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Are Tail Risk Hedge Funds Worth The Steep Losses In Good Times To Win Big In Bad Times?


Tail risk hedge funds are typically deep in the red, but they thrive when the market experiences a long-lasting, chaotic bout of volatility. In some ways, the outperformance of tail risk funds underscores just how bad things are in the stock market right now, making it even more incredible when a traditional hedge fund outperforms during this period.

Tail risk hedge funds back in the spotlight

The CBOE Eurekahedge Tail Risk Hedge Fund Index returned 6.82% for the first five months of this year. Tail risk hedge funds provide what Eurekahedge called “crisis alpha” and protection for institutional portfolios. Investors and academics alike have debated the controversies around the tail-risk strategy for years.

During “black swan events,” tail risk fund managers typically generate sizable returns during market turmoil to offset the steep losses they incur the rest of the time. Eurekahedge examined the risk/ return profile of the tail-risk strategy compared to those of more traditional hedge fund strategies.

Year-to-date performance

In May, tail risk hedge funds recorded the second-best year-to-date performance after CTA/ managed futures, which have soared this year on the back of skyrocketing commodity prices. Gold, a traditional safe-haven asset, was up by only 0.45% year to date through May. Meanwhile, government bonds had plummeted by 7.86%.

Soaring inflation has driven broad-based uncertainties throughout the market, forcing central banks to raise interest rates. The result has been higher yields, which reduced the effectiveness of government bonds in serving as a safe-haven asset over the last few months.

The S&P 500 was the worst performer in the first five months of the year, plunging 13.3% due to a combination of the pandemic, the war in Ukraine and the skyrocketing inflation. All these factors led the Federal Reserve to tighten its monetary policy aggressively as it sought to control inflation. The result was a negative shift in risk sentiment as investors became more and more worried about the possibility of a recession caused by the Fed’s aggressiveness.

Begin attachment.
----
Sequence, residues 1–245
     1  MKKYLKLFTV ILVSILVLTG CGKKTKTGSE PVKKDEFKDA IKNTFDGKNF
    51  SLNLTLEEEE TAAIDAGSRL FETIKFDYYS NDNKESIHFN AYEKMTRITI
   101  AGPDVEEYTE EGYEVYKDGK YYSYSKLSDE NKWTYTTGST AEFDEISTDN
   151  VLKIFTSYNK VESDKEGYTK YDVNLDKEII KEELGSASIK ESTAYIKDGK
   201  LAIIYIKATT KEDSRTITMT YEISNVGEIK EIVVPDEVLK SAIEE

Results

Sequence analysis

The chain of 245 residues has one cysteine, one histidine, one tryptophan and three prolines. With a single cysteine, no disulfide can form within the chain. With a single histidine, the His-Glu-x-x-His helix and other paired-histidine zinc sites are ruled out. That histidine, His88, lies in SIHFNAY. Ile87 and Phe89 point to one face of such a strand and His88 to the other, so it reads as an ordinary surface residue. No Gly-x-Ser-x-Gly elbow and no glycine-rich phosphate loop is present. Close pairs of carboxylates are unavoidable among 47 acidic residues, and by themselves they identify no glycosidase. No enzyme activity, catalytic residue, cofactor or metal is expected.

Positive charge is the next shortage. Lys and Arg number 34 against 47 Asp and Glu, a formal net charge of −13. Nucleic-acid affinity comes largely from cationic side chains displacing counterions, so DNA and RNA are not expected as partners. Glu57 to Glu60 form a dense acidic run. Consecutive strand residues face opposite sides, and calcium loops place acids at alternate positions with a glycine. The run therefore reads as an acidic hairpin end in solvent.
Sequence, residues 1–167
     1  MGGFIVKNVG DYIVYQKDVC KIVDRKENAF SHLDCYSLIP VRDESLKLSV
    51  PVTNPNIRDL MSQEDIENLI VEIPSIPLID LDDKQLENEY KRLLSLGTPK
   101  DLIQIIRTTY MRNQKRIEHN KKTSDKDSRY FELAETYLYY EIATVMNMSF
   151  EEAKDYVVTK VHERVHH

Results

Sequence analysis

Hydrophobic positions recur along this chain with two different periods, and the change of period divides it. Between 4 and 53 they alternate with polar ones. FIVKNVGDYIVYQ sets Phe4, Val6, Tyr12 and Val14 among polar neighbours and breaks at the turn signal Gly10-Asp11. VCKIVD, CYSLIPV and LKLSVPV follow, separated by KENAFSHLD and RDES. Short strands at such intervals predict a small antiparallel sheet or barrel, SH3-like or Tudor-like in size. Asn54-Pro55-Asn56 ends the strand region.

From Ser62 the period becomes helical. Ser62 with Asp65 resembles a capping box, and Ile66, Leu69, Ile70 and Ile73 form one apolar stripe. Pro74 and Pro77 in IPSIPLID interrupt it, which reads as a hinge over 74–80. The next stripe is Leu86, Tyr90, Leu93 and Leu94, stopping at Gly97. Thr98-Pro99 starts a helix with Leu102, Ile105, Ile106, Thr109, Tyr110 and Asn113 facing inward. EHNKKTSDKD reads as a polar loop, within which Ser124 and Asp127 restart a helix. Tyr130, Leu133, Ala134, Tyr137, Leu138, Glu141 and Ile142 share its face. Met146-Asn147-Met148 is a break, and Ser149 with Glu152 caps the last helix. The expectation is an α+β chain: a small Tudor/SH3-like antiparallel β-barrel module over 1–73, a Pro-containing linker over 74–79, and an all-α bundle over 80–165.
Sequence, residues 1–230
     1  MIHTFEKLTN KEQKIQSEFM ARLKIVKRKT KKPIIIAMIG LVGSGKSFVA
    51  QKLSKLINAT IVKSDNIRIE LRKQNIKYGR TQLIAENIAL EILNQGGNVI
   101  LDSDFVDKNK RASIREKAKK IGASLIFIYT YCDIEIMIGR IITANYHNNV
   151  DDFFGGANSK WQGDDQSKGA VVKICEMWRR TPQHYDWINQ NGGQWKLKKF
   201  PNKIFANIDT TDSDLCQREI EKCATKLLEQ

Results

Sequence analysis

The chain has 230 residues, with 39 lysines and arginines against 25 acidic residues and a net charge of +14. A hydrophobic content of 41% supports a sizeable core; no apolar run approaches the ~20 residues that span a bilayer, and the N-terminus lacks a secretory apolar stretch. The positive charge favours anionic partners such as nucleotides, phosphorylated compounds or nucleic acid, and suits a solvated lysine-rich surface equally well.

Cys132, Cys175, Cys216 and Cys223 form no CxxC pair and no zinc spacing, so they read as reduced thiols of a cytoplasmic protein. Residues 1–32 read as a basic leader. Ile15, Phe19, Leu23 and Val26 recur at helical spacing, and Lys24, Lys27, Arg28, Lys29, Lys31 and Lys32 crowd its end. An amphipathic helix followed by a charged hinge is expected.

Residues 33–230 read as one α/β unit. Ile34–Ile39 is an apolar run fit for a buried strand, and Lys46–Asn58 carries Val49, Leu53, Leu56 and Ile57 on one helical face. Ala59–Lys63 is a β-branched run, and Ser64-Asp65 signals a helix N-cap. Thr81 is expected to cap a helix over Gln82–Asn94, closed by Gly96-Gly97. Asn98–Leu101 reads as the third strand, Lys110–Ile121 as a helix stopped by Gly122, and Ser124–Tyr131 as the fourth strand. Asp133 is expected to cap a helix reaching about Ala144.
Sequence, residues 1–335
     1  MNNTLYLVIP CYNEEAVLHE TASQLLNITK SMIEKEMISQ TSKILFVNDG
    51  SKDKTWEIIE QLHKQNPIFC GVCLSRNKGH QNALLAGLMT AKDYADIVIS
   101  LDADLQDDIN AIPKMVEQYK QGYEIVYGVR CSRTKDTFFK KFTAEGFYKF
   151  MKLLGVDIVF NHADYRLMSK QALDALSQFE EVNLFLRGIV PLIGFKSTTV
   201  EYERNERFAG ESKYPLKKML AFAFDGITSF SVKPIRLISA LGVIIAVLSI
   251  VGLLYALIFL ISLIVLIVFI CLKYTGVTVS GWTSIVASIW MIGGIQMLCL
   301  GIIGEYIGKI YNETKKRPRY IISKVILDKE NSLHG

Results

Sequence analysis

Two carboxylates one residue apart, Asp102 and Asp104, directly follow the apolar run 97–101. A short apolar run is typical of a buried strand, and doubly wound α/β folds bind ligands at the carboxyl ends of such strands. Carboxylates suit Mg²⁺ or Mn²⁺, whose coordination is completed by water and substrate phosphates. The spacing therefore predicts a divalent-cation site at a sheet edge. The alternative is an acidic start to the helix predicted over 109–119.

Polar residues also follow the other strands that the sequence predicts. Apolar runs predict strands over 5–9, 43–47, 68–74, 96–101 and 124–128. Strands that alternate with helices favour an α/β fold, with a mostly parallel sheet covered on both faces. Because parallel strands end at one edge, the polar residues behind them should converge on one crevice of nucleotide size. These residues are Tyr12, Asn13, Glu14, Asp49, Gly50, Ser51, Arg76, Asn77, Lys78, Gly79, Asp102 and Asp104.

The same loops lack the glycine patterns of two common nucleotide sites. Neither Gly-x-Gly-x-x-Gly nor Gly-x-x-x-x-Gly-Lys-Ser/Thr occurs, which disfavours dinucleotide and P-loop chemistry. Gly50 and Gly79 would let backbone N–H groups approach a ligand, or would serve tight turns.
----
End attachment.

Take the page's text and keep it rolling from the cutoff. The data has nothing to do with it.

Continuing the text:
Long-term performance

Eurekahedge also assessed the impact of allocating to tail-risk strategies in an institutional portfolio. The firm studied the performance of the tail-risk strategy against other strategies since the beginning of 2008.

Over that timeframe, the CBOE Eurekahedge Tail Risk Hedge Fund Index generated an annualized return of -3.23%. That return is considered a premium for investing in those assets as insurance against massive losses during black swan events like the market crash in February and March 2020 due to the onset of the pandemic.

However, safe-haven assets like gold and global government bonds did much better than tail risk hedge funds. They returned 5.64% and 2.57% on an annualized basis, respectively.

Tail risk fund managers were up 12.58% in 2008 and 16.39% in 2011, while the S&P 500 lost 38.49% in 2008 and was flat in 2011. In 2020, tail risk funds returned 34.84% due to the pandemic, which led to a market meltdown early in the year.